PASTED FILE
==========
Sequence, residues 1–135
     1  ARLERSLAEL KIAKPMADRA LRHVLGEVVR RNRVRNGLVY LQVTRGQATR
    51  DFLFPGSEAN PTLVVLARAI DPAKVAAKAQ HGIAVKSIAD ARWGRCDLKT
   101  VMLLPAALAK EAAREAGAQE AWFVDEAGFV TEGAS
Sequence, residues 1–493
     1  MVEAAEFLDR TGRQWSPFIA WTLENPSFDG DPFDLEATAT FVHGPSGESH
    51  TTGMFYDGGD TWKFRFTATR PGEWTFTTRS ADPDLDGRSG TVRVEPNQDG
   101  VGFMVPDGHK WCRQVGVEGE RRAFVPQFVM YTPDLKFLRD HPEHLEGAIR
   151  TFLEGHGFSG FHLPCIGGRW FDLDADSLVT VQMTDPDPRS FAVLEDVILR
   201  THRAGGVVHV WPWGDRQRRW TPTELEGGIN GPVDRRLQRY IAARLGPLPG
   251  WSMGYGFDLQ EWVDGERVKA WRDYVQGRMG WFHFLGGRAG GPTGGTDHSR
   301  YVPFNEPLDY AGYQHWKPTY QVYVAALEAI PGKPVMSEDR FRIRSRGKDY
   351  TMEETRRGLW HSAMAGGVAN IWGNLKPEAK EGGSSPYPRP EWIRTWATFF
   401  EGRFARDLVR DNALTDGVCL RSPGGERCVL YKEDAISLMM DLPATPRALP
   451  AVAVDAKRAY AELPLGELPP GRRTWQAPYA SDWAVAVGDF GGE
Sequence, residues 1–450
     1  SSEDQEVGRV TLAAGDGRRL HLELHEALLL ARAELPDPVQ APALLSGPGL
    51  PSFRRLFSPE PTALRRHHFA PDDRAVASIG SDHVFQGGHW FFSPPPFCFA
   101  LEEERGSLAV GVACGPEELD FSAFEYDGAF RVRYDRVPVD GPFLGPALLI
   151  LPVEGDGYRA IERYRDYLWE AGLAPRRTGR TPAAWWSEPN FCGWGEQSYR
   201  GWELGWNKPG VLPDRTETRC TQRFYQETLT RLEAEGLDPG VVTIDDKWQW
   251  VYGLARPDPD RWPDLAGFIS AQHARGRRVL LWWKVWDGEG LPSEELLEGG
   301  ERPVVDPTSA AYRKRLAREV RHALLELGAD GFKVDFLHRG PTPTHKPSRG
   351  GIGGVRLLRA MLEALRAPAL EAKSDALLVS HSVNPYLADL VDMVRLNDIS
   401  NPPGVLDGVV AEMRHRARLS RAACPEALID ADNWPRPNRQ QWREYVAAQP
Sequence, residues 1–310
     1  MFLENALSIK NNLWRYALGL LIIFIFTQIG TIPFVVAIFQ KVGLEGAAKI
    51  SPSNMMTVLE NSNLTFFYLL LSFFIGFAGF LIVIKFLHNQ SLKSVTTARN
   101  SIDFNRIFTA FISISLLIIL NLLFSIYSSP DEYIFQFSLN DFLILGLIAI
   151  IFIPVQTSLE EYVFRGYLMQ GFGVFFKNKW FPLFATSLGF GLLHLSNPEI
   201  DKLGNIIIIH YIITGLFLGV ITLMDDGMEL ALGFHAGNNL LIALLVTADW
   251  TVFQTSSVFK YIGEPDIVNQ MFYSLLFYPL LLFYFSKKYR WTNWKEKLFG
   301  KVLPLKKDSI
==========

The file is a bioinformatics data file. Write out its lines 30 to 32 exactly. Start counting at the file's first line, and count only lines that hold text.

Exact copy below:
   151  IFIPVQTSLE EYVFRGYLMQ GFGVFFKNKW FPLFATSLGF GLLHLSNPEI
   201  DKLGNIIIIH YIITGLFLGV ITLMDDGMEL ALGFHAGNNL LIALLVTADW
   251  TVFQTSSVFK YIGEPDIVNQ MFYSLLFYPL LLFYFSKKYR WTNWKEKLFG